by ESA and Akatsuki by JAXA), none of the proposed candidate molecules have been found to entirely fit
the observational data,” the authors explain. The candidates either don’t match the profile well, or they’re not abundant enough. Some of the proposed candidates aren’t stable, either.

But it’s critical that we figure out what it is. “The unknown absorber is remarkably efficient, capturing more than 50% of the solar energy reaching Venus, with consequent effects on atmospheric structure and dynamics,” write the authors. Though the mystery persists, it’s a huge missing piece that stymies our efforts to understand the planet.

Some researchers propose that the UV absorber is a sign of cloud-based biological activity. “The spectral characteristics of the Venus clouds, including the strong UV absorption, are consistent with the spectrum of certain types of terrestrial bacteria,” the authors explain.

A composite image of the planet Venus as seen by the Japanese probe Akatsuki. The clouds of Venus could have environmental conditions conducive to microbial life. Credit: JAXA/Institute of Space and Astronautical Science

Another of the mysteries concerns lower clouds. A subset of cloud particles larger than 7 µm is unknown. Adding to the mystery is that some of them aren’t round. We know this from NASA’s Pioneer Venus mission. Since the particles, called Mode 3 particles, are non-spherical, they can’t be liquid droplets. “The nature and composition of the Mode 3 particles is debated with data presently in hand,” the authors write, making it clear that we need more data from a modern mission.

Some have proposed that the particles could be sulfuric acid, but the authors say data rules that out. If they’re not sulfuric acid, that works in favour of the idea that life could persist in the clouds. “This result could indicate unknown chemistry and is intriguing with regard to the possible presence of ‘life as we know it,’ which cannot withstand a concentrated sulfuric acid environment,” the authors explain.

It should be noted, however, that not all scientists agree that the large particles even exist and that calibration errors could be responsible for their detection instead.

The authors outline other reasons why only a biological mission to Venus can solve these mysteries. In-situ measurements from the Venera program and the VeGa balloons suggested that the atmosphere hosted non-volatile compounds necessary for life. Life as we know it requires metals, including iron. Venera found iron, while VeGa didn’t. More mystery waiting to be solved.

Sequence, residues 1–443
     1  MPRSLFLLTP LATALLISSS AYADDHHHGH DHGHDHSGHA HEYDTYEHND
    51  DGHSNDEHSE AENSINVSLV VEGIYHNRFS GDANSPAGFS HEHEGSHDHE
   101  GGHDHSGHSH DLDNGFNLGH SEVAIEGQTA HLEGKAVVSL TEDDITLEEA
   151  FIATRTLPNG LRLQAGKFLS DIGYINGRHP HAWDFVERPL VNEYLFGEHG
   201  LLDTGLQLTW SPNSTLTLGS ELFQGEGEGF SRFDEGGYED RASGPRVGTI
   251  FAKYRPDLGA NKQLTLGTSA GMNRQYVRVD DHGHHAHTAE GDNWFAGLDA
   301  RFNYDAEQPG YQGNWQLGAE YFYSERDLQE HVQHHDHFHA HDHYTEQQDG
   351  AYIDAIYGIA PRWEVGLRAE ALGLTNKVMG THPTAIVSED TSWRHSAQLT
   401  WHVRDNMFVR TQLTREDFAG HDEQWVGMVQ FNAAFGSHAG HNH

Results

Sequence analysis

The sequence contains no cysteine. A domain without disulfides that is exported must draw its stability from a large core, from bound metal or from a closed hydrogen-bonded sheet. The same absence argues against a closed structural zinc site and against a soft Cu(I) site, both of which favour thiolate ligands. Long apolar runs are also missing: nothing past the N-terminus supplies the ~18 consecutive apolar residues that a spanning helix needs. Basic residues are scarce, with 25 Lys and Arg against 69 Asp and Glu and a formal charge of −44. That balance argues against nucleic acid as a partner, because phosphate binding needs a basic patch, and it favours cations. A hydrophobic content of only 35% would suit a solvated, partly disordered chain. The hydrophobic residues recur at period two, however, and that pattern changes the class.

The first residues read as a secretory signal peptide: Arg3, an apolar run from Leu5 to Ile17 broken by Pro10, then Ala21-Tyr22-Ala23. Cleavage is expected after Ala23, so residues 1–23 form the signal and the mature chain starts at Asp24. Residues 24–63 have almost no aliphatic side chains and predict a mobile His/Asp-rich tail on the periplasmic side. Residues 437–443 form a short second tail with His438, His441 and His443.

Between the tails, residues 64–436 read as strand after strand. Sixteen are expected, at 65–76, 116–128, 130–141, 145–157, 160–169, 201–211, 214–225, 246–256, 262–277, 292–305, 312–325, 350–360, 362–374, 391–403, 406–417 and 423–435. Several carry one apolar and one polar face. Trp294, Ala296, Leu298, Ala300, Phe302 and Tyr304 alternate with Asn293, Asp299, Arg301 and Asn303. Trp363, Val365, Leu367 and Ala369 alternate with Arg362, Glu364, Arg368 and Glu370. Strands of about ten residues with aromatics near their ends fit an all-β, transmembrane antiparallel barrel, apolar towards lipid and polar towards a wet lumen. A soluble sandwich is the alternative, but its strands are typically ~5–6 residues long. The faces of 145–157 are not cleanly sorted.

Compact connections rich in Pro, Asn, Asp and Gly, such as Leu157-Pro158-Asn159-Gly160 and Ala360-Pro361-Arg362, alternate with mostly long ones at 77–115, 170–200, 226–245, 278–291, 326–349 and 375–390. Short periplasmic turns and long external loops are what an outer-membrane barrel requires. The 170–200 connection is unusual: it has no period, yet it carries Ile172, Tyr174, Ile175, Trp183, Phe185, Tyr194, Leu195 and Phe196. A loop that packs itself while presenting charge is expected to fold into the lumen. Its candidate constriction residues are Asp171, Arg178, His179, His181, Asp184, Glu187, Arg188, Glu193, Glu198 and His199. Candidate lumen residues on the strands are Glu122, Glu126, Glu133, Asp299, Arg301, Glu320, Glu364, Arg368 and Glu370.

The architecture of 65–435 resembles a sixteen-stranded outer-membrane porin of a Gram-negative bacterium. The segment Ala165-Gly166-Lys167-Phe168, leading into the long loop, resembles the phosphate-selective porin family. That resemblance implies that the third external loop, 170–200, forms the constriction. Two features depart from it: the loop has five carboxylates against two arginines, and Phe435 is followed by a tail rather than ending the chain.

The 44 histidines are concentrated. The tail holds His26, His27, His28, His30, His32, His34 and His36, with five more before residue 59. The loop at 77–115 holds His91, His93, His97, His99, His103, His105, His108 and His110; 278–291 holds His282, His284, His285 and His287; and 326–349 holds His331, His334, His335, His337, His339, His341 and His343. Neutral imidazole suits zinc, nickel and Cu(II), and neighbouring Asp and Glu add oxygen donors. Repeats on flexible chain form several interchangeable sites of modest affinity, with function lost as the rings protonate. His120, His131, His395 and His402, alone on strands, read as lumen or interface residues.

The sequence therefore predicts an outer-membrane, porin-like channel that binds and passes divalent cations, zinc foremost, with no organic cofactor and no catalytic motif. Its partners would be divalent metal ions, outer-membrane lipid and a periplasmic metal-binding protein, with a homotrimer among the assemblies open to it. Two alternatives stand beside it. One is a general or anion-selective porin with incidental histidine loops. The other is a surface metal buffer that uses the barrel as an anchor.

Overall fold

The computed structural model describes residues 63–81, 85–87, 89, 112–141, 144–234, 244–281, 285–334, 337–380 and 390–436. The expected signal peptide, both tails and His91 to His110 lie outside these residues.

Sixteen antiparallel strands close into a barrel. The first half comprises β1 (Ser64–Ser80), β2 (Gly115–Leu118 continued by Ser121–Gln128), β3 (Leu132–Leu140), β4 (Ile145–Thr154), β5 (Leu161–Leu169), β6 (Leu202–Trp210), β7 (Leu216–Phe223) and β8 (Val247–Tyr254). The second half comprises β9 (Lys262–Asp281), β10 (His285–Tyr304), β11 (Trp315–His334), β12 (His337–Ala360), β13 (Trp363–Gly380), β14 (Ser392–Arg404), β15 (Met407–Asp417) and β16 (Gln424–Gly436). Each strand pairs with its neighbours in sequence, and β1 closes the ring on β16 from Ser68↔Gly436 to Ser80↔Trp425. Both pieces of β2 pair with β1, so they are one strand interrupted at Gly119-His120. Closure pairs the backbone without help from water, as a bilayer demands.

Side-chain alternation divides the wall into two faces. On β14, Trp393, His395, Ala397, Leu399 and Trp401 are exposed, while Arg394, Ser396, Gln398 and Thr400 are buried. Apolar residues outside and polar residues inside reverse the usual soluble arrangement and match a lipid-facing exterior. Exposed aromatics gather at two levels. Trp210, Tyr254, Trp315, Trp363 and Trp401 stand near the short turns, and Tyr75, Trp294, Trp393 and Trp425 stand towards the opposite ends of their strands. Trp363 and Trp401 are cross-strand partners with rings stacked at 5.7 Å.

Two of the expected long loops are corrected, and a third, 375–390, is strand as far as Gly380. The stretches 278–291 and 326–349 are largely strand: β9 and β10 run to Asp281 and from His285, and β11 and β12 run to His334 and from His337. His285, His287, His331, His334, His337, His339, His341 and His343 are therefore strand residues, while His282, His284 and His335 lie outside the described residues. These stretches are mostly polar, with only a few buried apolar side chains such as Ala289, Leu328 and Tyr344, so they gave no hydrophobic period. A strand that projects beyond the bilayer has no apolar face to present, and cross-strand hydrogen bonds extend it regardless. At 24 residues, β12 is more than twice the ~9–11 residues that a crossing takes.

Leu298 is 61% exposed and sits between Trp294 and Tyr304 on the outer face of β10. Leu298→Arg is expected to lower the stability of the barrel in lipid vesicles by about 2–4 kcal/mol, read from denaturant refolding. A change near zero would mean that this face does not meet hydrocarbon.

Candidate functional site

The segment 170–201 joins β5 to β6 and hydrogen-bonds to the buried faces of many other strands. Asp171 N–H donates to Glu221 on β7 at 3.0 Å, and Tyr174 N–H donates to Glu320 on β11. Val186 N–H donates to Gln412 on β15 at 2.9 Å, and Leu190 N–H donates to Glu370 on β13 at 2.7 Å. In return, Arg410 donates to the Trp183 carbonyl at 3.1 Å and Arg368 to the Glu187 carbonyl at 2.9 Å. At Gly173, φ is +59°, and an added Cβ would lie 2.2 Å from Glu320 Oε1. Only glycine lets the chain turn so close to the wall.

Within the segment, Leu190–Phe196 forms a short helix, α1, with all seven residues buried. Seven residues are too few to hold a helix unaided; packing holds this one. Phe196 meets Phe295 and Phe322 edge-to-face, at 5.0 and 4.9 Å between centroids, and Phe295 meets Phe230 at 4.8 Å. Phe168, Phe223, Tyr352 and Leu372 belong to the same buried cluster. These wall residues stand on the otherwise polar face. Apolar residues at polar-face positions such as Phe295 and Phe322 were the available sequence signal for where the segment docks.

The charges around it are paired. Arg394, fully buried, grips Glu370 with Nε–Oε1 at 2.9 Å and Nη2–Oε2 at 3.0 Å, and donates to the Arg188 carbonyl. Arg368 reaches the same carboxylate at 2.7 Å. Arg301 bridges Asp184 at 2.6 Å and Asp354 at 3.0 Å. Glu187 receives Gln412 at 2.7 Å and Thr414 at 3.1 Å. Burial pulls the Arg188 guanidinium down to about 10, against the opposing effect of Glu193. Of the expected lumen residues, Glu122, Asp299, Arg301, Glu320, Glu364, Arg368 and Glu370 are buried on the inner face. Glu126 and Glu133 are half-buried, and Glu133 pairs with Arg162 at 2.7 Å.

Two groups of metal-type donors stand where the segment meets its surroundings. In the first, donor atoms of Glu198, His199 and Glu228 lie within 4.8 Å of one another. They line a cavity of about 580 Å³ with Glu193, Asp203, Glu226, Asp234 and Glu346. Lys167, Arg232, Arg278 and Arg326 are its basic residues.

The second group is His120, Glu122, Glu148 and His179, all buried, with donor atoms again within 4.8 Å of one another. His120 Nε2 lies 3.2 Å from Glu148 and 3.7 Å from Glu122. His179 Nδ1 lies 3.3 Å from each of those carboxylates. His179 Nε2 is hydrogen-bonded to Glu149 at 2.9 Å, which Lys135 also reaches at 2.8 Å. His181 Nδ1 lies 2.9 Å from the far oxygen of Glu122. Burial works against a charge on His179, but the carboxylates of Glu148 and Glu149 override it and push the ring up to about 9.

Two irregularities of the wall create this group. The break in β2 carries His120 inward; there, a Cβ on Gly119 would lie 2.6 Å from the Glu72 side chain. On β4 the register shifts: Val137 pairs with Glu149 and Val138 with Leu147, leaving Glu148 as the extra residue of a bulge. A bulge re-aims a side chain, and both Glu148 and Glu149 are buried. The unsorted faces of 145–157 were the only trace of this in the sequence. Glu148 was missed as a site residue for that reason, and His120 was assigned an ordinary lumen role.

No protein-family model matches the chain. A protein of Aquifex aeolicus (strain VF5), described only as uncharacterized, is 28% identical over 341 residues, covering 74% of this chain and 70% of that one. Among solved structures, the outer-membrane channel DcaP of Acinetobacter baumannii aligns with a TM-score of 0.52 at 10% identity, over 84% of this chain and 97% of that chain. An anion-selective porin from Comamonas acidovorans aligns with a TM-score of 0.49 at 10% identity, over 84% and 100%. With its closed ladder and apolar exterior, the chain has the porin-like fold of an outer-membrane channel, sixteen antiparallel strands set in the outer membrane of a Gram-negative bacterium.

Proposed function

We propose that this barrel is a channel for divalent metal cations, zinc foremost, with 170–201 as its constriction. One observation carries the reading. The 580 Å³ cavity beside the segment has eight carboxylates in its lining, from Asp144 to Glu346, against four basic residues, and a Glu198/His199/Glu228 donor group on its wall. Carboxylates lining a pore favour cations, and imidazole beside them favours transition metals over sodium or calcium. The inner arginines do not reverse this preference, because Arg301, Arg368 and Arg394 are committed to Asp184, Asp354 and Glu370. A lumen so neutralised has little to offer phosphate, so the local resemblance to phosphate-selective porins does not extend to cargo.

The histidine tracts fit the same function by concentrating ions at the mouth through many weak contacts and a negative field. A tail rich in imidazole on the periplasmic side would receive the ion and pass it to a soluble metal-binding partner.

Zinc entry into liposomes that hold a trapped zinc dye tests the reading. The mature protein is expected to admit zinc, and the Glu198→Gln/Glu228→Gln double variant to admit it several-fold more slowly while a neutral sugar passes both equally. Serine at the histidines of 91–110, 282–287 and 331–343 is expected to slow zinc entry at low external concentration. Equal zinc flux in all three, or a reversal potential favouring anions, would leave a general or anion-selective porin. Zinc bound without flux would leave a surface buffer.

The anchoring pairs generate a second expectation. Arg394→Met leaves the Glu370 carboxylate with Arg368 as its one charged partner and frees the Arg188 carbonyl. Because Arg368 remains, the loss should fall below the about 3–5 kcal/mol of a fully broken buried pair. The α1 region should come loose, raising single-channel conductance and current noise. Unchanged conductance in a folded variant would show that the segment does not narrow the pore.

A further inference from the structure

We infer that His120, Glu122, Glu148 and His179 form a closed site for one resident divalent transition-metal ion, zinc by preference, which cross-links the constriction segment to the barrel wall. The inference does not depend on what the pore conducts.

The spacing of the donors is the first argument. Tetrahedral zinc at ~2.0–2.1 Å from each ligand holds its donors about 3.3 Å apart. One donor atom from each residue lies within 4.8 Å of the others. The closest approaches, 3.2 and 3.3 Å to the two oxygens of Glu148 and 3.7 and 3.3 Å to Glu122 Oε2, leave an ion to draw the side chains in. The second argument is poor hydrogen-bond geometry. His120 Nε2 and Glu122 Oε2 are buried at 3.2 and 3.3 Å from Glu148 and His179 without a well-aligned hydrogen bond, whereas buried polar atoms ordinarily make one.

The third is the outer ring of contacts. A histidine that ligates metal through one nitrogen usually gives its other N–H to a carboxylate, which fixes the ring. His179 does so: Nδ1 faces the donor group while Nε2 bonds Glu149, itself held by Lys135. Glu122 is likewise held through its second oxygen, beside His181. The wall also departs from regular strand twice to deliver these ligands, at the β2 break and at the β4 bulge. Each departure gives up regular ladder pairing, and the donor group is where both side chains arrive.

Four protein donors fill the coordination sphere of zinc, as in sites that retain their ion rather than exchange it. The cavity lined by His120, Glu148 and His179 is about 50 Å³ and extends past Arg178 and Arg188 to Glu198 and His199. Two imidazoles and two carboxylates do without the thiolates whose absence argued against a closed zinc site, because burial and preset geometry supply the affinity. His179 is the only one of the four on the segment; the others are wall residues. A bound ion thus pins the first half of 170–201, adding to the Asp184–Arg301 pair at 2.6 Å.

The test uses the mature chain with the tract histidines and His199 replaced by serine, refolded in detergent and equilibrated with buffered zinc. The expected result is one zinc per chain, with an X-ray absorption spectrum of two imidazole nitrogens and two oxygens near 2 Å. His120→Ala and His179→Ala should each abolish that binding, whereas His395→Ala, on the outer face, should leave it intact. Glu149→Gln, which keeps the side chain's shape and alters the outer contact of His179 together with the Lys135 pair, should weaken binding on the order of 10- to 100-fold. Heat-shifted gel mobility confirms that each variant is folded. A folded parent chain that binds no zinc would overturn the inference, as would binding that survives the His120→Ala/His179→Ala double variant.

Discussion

There are other unexplained components in Venus’ atmosphere. There are trace gases with abundance profiles that scientists can’t explain. Venera and Pioneer also found oxygen there. Nobody knows where it came from, and it’s a subject of frequent discussion. Other chemical detections add to the mystery and complexity.

The maddening thing about studying Venus from afar is that many of the observations could be explained by either biotic or abiotic processes. That’s why we need a biological mission.

NASA’s upcoming DAVINCI mission will send an orbiter and an atmospheric probe to Venus sometime in the 2030s. Image Credit: NASA

“The habitability of the Venusian clouds should also be explored by new in situ missions,” the author explains. Lots of scientists agree with them, including renowned planetary scientist Sara Seager. In fact, Seager goes even further, suggesting that a sample-return mission is needed.

There are missions to Venus coming in the future. NASA’s VERITAS mission and DAVINCI mission will both head to Venus, but not for several more years. DAVINCI will send a probe into Venus’s atmosphere for in situ observations, while VERITAS will map the surface in more detail.

In the meantime, the data we have is all the data scientists have to work with. While scientists are resourceful and determined, that’s not enough.

Only a mission to Venus that’s solely focused on biology and chemistry can solve the planet’s mysteries.

Evan Gough